On Thursday, Sotheby’s set several artist records during an online auction devoted to major figures in photography. The sale, organized by auctioneers in New York and London, brought in a total of $4.38 million with buyer’s fees across 30 lots sold, realizing a 60 percent sell-through rate.
The top lot was a photographic album created by 19th-century British photographer William Henry Fox Talbot. Gifted by the photographer to his sister, Henrietta Horatia Maria Gaisford (née Feilding) in the 1840s, and passed by descent through the family, the collection is comprised of photographs and personal albums depicting scenes of Victorian Britain.
Six bidders competed for a trove of around 200 early photographs, moving the hammer price up to $1.6 million, with a final price of $2 million, four times its low estimate of $300,000. The winning bidder was dealer Hans R. Kraus Jr. The result set a new auction record for the artist, surpassing his previous benchmark of $275,000 paid for The Pencil of Nature (ca. 1846) in April 2018 at Sotheby’s.
In a statement, Sotheby’s described the Talbot photographs as “arguably the most important lot of 19th-century photographs to ever come to market.” Making its auction debut at Sotheby’s, the collection also set a record for work of 19th-century photography at auction. The previous record was held by French photographer Gustave Le Gray’s Bateaux quittent le port du Havre (1856–57) sold at the Rouillac auction house in June 2011 for $1.3 million.
The sale also realized two other artist records. Created while she lived and worked with Man Ray at his Paris studio in the early 1930s, Lee Miller’s Nude, a Surrealism-inspired view of a woman’s naked back, was sold for $504,000, doubling its pre-sale estimate of $200,000. The seller, the Palm Springs–based former art dealer Marilyn Pearl Loesberg, purchased it in 1998 at Christie’s for $90,500. The sale surpassed Miller’s previous record price of $377,000, paid for the photographer’s 1931 work Untitled (Iron work) at Sotheby’s in 2014.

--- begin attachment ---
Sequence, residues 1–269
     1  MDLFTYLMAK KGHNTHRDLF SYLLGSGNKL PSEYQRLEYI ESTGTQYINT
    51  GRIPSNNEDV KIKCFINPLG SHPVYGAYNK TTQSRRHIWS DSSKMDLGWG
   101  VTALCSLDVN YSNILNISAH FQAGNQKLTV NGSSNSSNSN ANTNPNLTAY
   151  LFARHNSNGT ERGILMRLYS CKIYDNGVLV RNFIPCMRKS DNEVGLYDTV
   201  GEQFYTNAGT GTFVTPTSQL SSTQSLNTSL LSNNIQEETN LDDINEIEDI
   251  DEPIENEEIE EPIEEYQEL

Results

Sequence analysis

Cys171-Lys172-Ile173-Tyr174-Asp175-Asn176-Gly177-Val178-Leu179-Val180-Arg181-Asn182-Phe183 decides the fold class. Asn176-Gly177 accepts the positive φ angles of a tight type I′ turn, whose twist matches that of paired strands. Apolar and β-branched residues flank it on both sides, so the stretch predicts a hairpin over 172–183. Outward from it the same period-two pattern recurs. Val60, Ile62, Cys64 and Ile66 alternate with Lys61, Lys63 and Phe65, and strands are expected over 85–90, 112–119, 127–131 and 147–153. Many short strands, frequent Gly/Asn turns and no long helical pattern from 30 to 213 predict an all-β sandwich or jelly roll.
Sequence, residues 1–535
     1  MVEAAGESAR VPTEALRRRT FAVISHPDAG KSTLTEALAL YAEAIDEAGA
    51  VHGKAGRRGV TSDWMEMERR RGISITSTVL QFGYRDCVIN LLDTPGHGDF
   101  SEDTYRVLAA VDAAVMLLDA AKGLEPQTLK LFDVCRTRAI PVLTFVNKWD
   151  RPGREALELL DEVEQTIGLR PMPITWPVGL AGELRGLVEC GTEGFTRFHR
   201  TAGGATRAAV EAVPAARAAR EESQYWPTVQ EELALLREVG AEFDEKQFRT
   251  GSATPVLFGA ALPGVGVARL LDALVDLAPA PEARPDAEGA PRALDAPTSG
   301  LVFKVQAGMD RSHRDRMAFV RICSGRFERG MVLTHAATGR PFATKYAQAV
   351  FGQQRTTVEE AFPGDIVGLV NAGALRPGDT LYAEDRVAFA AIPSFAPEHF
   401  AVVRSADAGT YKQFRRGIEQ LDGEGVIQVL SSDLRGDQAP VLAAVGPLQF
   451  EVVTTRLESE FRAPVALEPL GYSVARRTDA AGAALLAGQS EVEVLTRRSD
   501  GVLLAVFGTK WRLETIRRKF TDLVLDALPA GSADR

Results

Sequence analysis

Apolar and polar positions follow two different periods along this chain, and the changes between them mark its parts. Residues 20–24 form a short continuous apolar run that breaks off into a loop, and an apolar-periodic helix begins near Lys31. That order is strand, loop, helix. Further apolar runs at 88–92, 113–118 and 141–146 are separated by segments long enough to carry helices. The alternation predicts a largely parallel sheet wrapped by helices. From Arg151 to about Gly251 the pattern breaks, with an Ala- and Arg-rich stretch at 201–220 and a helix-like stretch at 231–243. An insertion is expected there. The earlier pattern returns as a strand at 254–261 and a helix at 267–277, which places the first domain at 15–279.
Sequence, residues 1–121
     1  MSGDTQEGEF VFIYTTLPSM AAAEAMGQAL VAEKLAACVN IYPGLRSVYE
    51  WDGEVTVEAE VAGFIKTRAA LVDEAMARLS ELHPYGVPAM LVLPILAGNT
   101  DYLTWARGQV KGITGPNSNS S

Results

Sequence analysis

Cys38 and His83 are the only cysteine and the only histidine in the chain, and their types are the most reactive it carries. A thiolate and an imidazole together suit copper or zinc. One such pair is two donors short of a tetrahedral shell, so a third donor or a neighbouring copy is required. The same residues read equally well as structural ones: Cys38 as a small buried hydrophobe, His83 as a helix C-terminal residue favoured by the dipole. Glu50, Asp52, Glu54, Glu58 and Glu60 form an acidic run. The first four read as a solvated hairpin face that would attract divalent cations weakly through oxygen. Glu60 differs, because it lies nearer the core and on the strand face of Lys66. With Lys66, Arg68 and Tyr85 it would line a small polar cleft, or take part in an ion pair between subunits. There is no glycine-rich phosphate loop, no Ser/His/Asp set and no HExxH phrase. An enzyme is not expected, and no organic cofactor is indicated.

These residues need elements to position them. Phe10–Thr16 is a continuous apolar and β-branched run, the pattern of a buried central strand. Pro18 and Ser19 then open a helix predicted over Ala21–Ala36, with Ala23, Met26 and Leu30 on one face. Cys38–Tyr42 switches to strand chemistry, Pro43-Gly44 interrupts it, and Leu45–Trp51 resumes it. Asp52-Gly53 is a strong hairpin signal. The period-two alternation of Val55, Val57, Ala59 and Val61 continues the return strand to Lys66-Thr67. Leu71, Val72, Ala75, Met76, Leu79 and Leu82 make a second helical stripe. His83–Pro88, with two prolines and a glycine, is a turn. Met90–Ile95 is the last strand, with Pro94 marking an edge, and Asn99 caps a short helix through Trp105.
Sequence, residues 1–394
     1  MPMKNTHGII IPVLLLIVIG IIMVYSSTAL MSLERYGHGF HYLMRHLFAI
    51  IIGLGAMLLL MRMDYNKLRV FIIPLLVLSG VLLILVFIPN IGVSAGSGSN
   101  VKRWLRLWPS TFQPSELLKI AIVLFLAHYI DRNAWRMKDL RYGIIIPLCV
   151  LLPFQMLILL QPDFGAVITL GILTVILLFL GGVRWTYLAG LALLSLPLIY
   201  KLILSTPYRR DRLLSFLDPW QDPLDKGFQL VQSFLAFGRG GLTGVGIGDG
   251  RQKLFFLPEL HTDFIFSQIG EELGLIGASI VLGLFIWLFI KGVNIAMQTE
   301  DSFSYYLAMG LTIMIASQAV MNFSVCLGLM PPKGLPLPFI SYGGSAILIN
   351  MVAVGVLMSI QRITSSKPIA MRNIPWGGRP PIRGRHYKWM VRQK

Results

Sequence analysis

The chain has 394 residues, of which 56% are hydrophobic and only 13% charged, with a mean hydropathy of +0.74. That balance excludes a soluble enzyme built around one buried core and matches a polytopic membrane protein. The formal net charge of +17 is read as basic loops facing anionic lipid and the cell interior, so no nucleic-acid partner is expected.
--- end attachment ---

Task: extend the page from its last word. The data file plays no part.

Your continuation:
The record for Miller comes as awareness for her work grows. The Dali Museum in St. Petersburg, Florida, will stage an exhibition devoted to her images of Surrealist artists in May.
Another female photojournalist saw a new benchmark in the sale as well. Rhesus Monkey, a photograph by German photographer and Life magazine staffer Hansel Mieth, sold for $12,600. Her previous record was noted by the Swann Galleries sale of an edition of the same picture for $7,500 in 2008.
Elsewhere in the Sotheby’s sale, buyers contended for work by more famous photographers. Irving Penn’s black-and-white fashion photograph Harlequin Dress (1950) sold for $252,000, and Cindy Sherman’s Untitled Film Still #37 (1979) went for $252,000. Both had low estimates of $200,000. Triangles (1928), Imogen Cunningham’s cropped portrait of a woman’s nude torso, sold for $189,000, against an estimate of $150,000, to a buyer in New York. Richard Misrach’s banner-sized image of the ocean’s horizon, #114-03 (2003), sold for $81,900 to a collector in Geneva, and Edward Weston’s Cabbage-leaf (1931) went to a bidder in Germany for a final price of $75,600.